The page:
Funeral in Berlin
(SPOILERS) A serviceable follow-up to The Ipcress File, but conclusive evidence that it wasn’t Michael Caine’s insolent performance as Harry Palmer alone – “You really work on the insubordinate bit, don’t you?” – that made it special. With Sydney J Furie conspicuously absent (Harry Salzman very much did not ask him to return), the directorial reins were passed to reliable go-to Guy Hamilton (Goldfinger). While Otto Heller returns as cinematographer, painting a suitably drab, austere Berlin, Bond editor Peter Hunt is absent, and so is the indelible score (Konrad Efers replaces John Barry). Gone too are the pep and verve of the original. This could be any Cold War spy movie, but with a pair of spectacles and an occasional quip.
Stok: As usual, there is no milk today.
Palmer: And so Russian tea was invented.
The result is a movie with a great title but a studious sense of “That’ll do”, right down to a screenplay (Evan Jones, later of the very good Wake in Fright, adapting Len Deighton) that can’t quite marry its two plotlines satisfyingly. Which is because they’re entirely separate. Ostensibly, Palmer is sent to Berlin to organise the defection of Soviet intelligence officer Colonel Stok (an ebullient Oscar Homolka, who would reappear in Billion Dollar Brain), with the assistance of local intelligence asset Johnny Vulkan (Paul Hubschmid). Palmer isn’t having any of it, doesn’t for a moment believe Stok really plans to defect, but is obliged to go along with the chicanery. It’s a plot thread resolved with half an hour to spare, the fake funeral of the title revealing Stok’s actual objective (Gunter Meisner’s Kreutzman, mastermind of numerous escapes over the Berlin Wall).
Hallam: Give my love to Berlin. I was there with Monty in ’45.
Palmer: So that’s why the Germans surrendered.
The only link between them is facilitator Vulkan, whom the Israelis don’t know they’re after and who wants his ID documents – those of Paul Louis Broum, his original identity – in order to lay his lands on Nazi loot secreted in a Swiss account. The connection’s too tenuous to prevent the picture from feeling awkward in switching focus. Stok is an entertaining character, but is ultimately something of a digression, one who has no consequences for the third act. And if the third act finds Palmer being a “shrewd little cockney”, the climax at the Wall – complete with rather desperate switched-coat routine – is less interesting than his confrontation with Vulkan, deciding to release him, or the pathetic attempt by Hallam (Hugh Burden) to divest him of the Broum documents.
Palmer: I’m not killing anybody in cold blood.
Ross: Then provoke him, if that’s going to satisfy your scruples.
Pauline Kael suggested that Palmer is “supposed to gain new humanity when he sees the Israeli agents really believe in principles”, with the consequence of the loss of his indifference to the larger stakes; “improve his character and you take away the only character he had”. I’m not sure I’m on board with this reading, as it would mean Harry was planning to deliver them Vulcan when he clearly was not; that the Israelis leave with a body merely turns out to be providential for Palmer, since he has no desire to get his hands bloody for anyone else’s principles. And his respect for the Israelis is based on the degree to which he fancies their alluring agent (asked if he is anti-Semitic when he hears about her Israel-based other half, he replies “only anti-husband”). As he says to Vulkan, “I’m not a judge at a war crimes trial. I don’t want to know about it and I don’t want to kill you”. If anything, his “new humanity” is evidenced by turning Ross down when he finally offers him that loan for a new car (“No thank you, sir. I’ll walk”), but that seems consistent with a character who wishes to retain his relative independence (taking the loan at this point would appear as tacit gratitude towards Ross and agreement with Vulcan/Broum’s fate).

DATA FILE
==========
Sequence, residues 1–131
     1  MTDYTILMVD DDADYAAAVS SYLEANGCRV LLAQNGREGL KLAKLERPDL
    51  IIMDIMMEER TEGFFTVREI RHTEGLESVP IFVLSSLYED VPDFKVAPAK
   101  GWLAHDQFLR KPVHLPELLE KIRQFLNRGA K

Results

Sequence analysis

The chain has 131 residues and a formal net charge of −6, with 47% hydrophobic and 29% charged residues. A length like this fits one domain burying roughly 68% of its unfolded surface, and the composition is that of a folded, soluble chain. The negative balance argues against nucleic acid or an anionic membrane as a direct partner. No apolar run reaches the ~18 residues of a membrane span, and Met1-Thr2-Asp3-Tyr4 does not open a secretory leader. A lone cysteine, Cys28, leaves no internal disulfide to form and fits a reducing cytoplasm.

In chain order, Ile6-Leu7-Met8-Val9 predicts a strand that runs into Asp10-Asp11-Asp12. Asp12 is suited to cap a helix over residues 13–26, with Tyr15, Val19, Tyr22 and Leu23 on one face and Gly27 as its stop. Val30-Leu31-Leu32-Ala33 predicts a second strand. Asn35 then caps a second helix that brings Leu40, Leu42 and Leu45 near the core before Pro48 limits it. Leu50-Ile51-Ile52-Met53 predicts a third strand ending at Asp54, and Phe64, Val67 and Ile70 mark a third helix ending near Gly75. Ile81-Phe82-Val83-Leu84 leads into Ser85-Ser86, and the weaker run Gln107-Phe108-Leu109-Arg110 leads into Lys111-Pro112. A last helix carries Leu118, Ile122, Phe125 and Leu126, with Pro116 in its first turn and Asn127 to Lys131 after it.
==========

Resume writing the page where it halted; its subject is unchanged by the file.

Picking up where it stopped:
Palmer: Don’t care much for Berlin, sir. You’re liable to get your head shot off.
Ross: That’s what you’re paid for, isn’t it, Palmer?
Palmer: Yes, sir.
It’s telling that the most vibrant scenes are, once again, those between Palmer and Guy Doleman’s Colonel Ross (“I’ve read your T-105, Palmer. Entertaining, but slightly pornographic”), keen to remind his indifferent artisan that his job is to be expendable. Hamilton (or more probably Heller) throws in the occasional Dutch angle to remind us of the picture’s stylish predecessor, but it’s mainly left to Caine to carry a picture that would otherwise be content to descend into a fairly ambivalent stodge. Of the daring escape by a musician across the wall in the opening scene, he is a scathing critic (“Escape? They probably paid him to leave”). He protests at his fake identity (“I’m sorry, I just don’t feel like an Edmund Dorf”) and produces a nice turn of phrase when summarising Stok’s behaviour (“I’ll tell them you talk well, and lie badly”). There’s also a streak of unobtrusive backstory, whereby Vulkan was involved in Palmer’s black-marketeering, while police contact Reinhardt (Thomas Holtzmann) despairs of Harry continually coming to him, asking if old crony safe crackers and forgers are still in business (“So crooked, they had to put you in intelligence”).
Ross: You might make a professional yet, Palmer.
Funeral in Berlin isn’t a bad movie, but aside from its star, by far its best feature is its title. Where Bond gradually built towards his finest hour (or near to it) with Goldfinger, Harry hit the ground running and so the only way was down. The picture isn’t so much lethargic as indifferent, failing to find sufficient reason for you to invest in the proceedings, other than that you’re already a fan of his work.
Agree? Disagree? Mildly or vehemently? Let me know in the comments below.